Executive & Management Assessment
- Written by Bernard Liebowitz, PhD
The use of psychological testing in business and industry has a long and varied history. It has proven successful in many contexts; it has been disappointing in other situations. The reasons for its successes and failures are many and diverse, but they all relate to the following considerations:
- The validity of the tests, i.e., whether the tests measure what they are supposed to measure.
- Their reliability, i.e., whether they measure the same traits and characteristics of the same individuals over time.
- Whether the population on which the tests were validated is the same population from which an individual(s) who is to be tested comes from.
- The individuals being tested and how they were selected to be tested. For example, candidates for a senior level position will most likely be from a sample that has been pruned over time and, consequently, consists of top-level individuals; discriminating between and among these individuals will be a challenge for most tests.
- Whether the individual fits the culture of the organization.
The testing procedures that our firm, Liebowitz & Associates, PC, utilizes takes into consideration all of these factors and utilizes our understanding of the testing process to ensure that the results are as accurate and useful as possible.
Our firm accomplishes this aim by utilizing three independent data points:
(1). Using psychological and management tests whose reliability and validity have been established by qualified and professional agencies.
(2). Extensive one-on-one interviews with candidates.
(3). Establishing the “fit” between the individual, the position to be filled and the culture of the organization.
Testing rests on the notion that groups of people with similar personal styles will tend to respond to different stimuli (e.g., inkblots, pictures, questions, etc.) similarly. The stimuli need not have an overt or covert relationship to psychological themes or behavior. Thus, for example, a test question might ask which of four magazines (none of which relate to the work situation) would the candidate prefer reading at home when alone. The question has no ostensible link to either job or personality, yet people with different styles of behavior will answer as a cohort.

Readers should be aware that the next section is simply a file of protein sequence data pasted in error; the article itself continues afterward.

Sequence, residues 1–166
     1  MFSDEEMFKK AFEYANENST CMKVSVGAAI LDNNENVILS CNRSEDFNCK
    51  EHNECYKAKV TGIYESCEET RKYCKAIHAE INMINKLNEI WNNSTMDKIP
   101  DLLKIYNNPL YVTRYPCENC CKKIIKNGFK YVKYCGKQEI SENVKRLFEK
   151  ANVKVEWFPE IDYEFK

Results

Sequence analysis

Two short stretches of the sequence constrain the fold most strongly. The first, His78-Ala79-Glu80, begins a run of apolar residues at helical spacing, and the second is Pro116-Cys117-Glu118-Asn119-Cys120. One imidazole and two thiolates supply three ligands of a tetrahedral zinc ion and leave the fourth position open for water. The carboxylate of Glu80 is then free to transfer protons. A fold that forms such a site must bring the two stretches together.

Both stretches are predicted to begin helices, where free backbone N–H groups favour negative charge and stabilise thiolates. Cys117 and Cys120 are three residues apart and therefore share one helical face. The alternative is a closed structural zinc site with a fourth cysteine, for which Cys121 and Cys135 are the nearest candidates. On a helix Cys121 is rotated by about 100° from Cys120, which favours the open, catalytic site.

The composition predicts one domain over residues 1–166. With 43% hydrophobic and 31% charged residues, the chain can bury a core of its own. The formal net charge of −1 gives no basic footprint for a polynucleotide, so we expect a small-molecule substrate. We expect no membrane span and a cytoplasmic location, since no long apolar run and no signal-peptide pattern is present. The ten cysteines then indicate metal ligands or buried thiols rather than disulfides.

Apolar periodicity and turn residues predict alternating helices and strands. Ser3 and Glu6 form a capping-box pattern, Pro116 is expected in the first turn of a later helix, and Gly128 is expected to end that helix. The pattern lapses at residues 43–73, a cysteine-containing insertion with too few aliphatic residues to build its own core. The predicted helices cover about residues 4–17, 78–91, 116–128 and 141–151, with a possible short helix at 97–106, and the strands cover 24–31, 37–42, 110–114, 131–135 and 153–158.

The task, then, for test developers is to find those stimuli that do in fact differentiate people with different psychological dynamics. Once discovered, the task is to validate these stimuli over broad groups of people, against other tests that purport to measure the same dimensions, and across long time spans to ensure reliability.
Objectivity and Impartiality of Testing
Testing is impartial in a way that personal face-to-face evaluation cannot be. A test will yield scores that are derived from the answers the individual provides, not from the judgments of an interviewer.
This is not to say that testing is totally and completely objective, much less comprehensive. One test cannot cover all those aspects of personality that a particular job or position might require – consequently, errors in predicting job success may arise. The population on which the test was validated may differ from the population attracted to a particular job or position, and, therefore, not be useful. The test results may indicate that a candidate is fully qualified, but, because of a lack of “fit” with the culture of the organization, his tenure might be marred by a lack of performance.
Despite extensive research on test development, there is no one test that can be said to be adequate for all purposes. For this reason there are specific tests designed for specific roles. For example, there are tests that yield information about a person’s general psychology, about specific decision-making and cognitive skills, about what motivates a person, about empathy, etc.
In general, the more specific and focused the role, the more reliable, accurate and valid is the test. To illustrate, the role of CEO requires many different skills, abilities and experiences. Furthermore, the demands and expectations corporations place on the person seeking the CEO position will vary dramatically. Also, different CEO positions require different talents. Thus, several different tests would have to be employed to adequately assess an individual’s capabilities to fulfill this role.
In contrast, sales is a more (but not entirely) uni-dimensional role – prediction about success is a less difficult task. For this reason, the task of assessing candidates for such roles as sales, actuary, engineer, etc., generally lend themselves to function-specific assessments and tests.
The testing procedures utilized by Liebowitz & Associates, PC, for executive selection and promotion, include: